For the people who asked for a copy of the presentation, here are the slides (I’ve had to remove the video content as it was just too big a file with them included)

Despite a shaky start due to some dodgy AV, I was pretty happy with the way the keynote went. The talk was basically presented in three parts…

  • Exploring Creativity – showing examples of the sorts of creative projects I’ve been coming up with during the first 155 days of My Daily Create.
  • Learning from Creativity – sharing some of the lessons (or meta ideas) about creativity that I’ve found from forcing myself to make something every day.
  • Applying Creativity – showing a few examples of how some of my daily creates have turned into activities and tasks that I’ve been doing with my kids in the classroom.

The lessons that I offered about creativity were these…

  • Create is a Verb – you have to actually DO stuff in order to be creative, not just think about it or talk about it. Actually DO it. Seriously. It’s amazing how many people wish they were more creative and overlook this simple fact.
  • Wonder. A Lot – Most creativity springs from being curious about things. Wondering “what would happen if…” or “why do we do it like that?” are often the starting points for coming up with new creative ideas.
  • Curiosity + Action = Creativity – When you combine the wonder with the action, things happen. Take action on your ideas, no matter how silly or fleeting they might be. Anyone can have a good idea, but the people who take action on their ideas are the ones we deem creative.
  • Make time to Play – Yes, making stuff takes time. So if making stuff is important to you, then make time for it. Make time, not find time. None of us can find time, we each get only 24 hours in a day so you already have all the time you’re getting. It’s a matter of clearing space in your day to make time for creative acts.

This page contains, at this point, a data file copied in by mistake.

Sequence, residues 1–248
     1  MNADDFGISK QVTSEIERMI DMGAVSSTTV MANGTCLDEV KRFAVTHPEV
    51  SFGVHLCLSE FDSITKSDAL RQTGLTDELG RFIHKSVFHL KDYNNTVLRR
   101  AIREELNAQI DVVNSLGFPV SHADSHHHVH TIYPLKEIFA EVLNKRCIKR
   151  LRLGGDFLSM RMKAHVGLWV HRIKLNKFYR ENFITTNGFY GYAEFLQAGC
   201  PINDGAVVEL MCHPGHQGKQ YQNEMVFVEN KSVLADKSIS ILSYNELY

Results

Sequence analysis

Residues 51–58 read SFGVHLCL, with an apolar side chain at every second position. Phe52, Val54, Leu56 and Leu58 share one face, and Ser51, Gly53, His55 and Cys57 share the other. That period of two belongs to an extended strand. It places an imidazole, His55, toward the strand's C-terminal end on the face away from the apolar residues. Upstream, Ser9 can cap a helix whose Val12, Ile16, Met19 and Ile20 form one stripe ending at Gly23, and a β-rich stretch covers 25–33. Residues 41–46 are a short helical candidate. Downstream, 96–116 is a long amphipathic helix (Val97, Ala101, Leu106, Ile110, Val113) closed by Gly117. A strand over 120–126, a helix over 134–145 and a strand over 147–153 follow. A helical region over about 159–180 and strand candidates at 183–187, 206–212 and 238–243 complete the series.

• Wander off the Path – Something that becomes incredibly obvious when you force yourself to make things every day is that you almost always make something different or unexpected to what you thought you might make. Be led by your curiosity, your mistakes and your hunches. If you go somewhere you didn’t anticipate, just keep going. Don’t try to undo your mistakes, just turn them into the end result,.
  • Your Ideas are not Original – Hardly anybody ever has original ideas. Everything is a remix of things we’ve seen and heard elsewhere, just repackaged and remixed in our own way. So copy ideas shamelessly. But remember that while copying one idea is plagiarism, copying lots of ideas and combining them all together in new ways is where real creativity comes from.
  • So Share – If you use other people’s ideas (and you do!) then don’t be precious about letting other people use yours. Share generously and give away your stuff freely. Don’t be an idea hoarder. You’re just a conduit for ideas, so pass them on to others.
  • Creating = Learning – You learn when you create (and isn’t that the goal in education?) You might learn the things you expected to learn, but more often you will probably learn things you didn’t expect to learn. Be open to ideas, follow them, be inquisitive, be generous, and you really cannot help but learn through being creative.

The “big idea” I wanted to communicate was that creativity is a process, an active thing you do, and should do it regularly. Borrow and share, be open and curious, and you WILL come up with creative ideas. Some people claim they aren’t creative,  but there is no such thing as a non creative person, just a person who has chosen not to see the world creatively.

Finally, I showed some simple examples of how my daily create has spilled over into my teaching and helped me bring these ideas into my classroom.

I finished the talk by getting the audience to help make Daily Create number 155, chanting the phrase “Creativity is  daily deliberate act”.

The response I got afterwards from people was really nice. Quite a few people came up to say they got a lot out of the talk, and Twitter had lots of positive feedback too. It’s really nice when that happens. When you give a keynote it’s always hard to know what you could possibly say that might be of any value to the audience, especially when so many other speakers seem to know so much more about it, and speak so much more eloquently. But all I can really do is speak from my heart and mind, sharing my own personal experiences, so I’m glad it resonated with others and they found it useful.

Here is a link to the slides in Google Drive, (without the videos) but if you’d like a copy of the actual slide deck in Keynote format just drop me a note and let me know.